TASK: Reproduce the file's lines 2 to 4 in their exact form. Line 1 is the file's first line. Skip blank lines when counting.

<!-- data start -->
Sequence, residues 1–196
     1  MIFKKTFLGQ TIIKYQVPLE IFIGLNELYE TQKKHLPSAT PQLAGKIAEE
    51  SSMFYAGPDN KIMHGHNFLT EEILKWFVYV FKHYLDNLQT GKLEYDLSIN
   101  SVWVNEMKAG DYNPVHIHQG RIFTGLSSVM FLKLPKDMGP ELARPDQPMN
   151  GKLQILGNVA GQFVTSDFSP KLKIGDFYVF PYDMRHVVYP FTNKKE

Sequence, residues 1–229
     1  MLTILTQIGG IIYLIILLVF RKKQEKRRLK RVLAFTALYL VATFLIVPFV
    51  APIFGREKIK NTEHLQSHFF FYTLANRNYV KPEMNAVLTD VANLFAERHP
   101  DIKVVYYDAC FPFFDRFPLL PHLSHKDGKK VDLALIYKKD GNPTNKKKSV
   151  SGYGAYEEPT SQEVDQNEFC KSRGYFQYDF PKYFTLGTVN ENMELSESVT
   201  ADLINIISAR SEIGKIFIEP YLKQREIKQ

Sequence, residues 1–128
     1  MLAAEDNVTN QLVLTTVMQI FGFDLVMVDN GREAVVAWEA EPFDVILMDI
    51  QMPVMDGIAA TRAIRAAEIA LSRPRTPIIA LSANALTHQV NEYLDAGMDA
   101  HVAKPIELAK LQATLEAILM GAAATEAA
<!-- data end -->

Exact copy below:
     1  MIFKKTFLGQ TIIKYQVPLE IFIGLNELYE TQKKHLPSAT PQLAGKIAEE
    51  SSMFYAGPDN KIMHGHNFLT EEILKWFVYV FKHYLDNLQT GKLEYDLSIN
   101  SVWVNEMKAG DYNPVHIHQG RIFTGLSSVM FLKLPKDMGP ELARPDQPMN